When is a ponderance a ponderance and not an observation? That’s the challenge of this week’s “Whimsy” column with CLIVE WILLIAMS.
“PONDERANCE” is a noun that refers to the state or quality of being in deep thought or contemplation. Written ponderances are usually anonymous – otherwise they would be quotations.
Meanwhile, an “observation” is a statement based on something one has seen, heard, or noticed. In humour it is often apocryphal (ie, not based on actual events – but then, of course, it might be!).
Some examples are below. I leave you to be the judge of what’s profound and worth deeper contemplation, and what’s merely a casual observation you can quickly pass over.
Oregon has implemented restrictions on single-use plastic straws to reduce their environmental impact. It has also decriminalised the use of cocaine. (Both true.) So cocaine is now legal in Oregon but straws aren’t. That must be very frustrating for cokeheads.
Confusingly, “take out” can relate to food, dating or murder. It’s prudent to know which is which.
For paranoid people, Plan A is to check under the bed for murderers. If you find one, what’s your Plan B?
How did doctors come to the conclusion that exercise prolongs life? The rabbit is active and lives for nine years; the tortoise isn’t and lives for 200.
If only vegetables smelled as good as bacon.
Anyone who says their wedding day was the best day of their life has clearly never had two chocolate bars drop down for one payment at a vending machine.
We live in an age where intelligent people are silenced so that stupid people aren’t offended.
A modern irony is that computers now ask humans to prove they’re not robots.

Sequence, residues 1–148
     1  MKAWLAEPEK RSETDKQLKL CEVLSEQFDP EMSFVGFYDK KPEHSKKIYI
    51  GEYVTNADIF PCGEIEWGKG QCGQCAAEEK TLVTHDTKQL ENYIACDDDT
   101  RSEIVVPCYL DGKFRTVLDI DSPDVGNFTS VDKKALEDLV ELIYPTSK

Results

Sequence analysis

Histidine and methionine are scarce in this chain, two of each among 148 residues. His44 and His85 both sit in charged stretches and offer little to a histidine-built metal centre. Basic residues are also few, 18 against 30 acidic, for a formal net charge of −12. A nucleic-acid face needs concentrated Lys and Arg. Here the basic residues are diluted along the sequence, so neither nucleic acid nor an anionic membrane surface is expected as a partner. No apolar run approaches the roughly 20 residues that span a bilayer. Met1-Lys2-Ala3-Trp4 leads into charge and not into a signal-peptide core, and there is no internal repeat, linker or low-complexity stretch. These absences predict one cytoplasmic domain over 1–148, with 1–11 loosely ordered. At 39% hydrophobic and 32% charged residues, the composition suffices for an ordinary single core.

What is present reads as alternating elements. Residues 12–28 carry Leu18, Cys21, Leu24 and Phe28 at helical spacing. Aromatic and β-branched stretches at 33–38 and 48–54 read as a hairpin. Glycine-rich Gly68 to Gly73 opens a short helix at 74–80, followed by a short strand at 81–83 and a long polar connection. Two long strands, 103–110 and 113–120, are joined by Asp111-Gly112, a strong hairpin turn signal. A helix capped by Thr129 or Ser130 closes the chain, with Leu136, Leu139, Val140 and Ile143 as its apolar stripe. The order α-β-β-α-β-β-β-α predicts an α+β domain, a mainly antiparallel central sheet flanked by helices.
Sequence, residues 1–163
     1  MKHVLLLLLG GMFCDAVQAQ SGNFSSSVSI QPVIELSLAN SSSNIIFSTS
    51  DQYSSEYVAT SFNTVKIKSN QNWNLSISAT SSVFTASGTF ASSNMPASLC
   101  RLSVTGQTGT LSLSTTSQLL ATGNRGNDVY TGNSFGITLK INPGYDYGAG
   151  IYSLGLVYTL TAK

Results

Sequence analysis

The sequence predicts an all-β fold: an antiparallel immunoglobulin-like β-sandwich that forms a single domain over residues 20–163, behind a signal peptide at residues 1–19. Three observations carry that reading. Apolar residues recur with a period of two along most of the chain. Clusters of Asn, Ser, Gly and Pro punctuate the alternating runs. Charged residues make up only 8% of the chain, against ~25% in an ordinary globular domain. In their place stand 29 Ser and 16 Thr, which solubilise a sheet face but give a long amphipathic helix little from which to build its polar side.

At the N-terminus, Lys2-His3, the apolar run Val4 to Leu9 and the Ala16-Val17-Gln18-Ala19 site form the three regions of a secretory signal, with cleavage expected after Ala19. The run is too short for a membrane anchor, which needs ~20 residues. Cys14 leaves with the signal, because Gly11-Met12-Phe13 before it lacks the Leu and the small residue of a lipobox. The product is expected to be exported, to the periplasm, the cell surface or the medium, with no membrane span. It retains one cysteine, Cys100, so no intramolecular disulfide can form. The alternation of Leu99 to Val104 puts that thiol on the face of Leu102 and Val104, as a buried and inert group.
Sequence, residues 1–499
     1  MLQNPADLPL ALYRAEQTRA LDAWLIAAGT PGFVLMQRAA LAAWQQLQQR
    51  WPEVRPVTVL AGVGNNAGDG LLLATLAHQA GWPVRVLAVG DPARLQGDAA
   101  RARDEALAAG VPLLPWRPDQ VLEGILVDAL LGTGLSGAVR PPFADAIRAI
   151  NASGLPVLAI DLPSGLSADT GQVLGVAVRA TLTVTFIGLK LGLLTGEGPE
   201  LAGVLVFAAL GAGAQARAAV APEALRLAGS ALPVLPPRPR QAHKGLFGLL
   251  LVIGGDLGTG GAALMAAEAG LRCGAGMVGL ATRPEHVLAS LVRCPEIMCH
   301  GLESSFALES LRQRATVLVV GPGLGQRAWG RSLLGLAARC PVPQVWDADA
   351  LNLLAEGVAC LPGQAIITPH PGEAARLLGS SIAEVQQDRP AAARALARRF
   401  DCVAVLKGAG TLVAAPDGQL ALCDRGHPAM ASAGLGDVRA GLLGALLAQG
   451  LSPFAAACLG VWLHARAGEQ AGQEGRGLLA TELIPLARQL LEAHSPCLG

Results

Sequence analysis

Many older people feel it’s weird to be the same age as old people.
It would be nice for once to have a username and password prompt that said “Close Enough”.
If Adam and Eve were Cajuns, they would have eaten the snake instead of the apple and saved us all a lot of trouble.
You know you’re getting old when “friends with benefits” means having someone who can drive at night.
Weight loss goal: to be able to clip one’s toenails and breathe at the same time.
For those that don’t want Alexa or Siri listening in to their conversations, they’re making a male version that doesn’t listen to anything.
When someone gets a present labelled, “From Mum and Dad”, they know darn well dad has no idea what’s in it.
Someone said: “Nothing rhymes with orange.” But that’s not true.
The pessimist complains about the wind; the optimist expects it to change; the realist adjusts his (or her) sails.
There’s a fine line between a numerator and a denominator. Only a fraction of people would find that curious.
Reading gives you somewhere to go when you have to stay where you are.
When you’re a kid, you don’t realise you’re also watching your mum and dad grow up.
The degree to which a person hates mosquitoes is dependent on how much mosquitoes love them.
Most people use their driving licence to buy things that impair their ability to drive.
You can know someone for years and still not know what colour their eyes are.
Babysitters are teenagers who behave like grown-ups so that grown-ups can go out and behave like teenagers.
Something for fast food lovers to look forward to: a McDonald’s on Mars would be open 24 hours and 39 minutes a day, 687 days a year.
A different version of you exists in the minds of every person who knows you.
If a morgue worker dies, they’ll still need to come into the office one last time.
“Let sit for two minutes” is definitely the most ignored instruction among microwave users.
Your face is a combination of thousands of years’ worth of other people’s faces.
The last 10 per cent of a tube of toothpaste typically lasts as long as the first 90 per cent.
Our son woke up determined to drink less, eat right and exercise. But that was this morning when he was younger and more ambitious.
Some of my friends exercise daily. Others, by contrast, are watching a TV program they don’t like because the remote fell on the floor.
Exercise clearly helps with decision-making. I went for a run this morning and decided I’m never doing it again.
Last night the internet stopped working so I spent a few hours with my family. They seemed like nice people.
Clive Williams is a Canberra columnist
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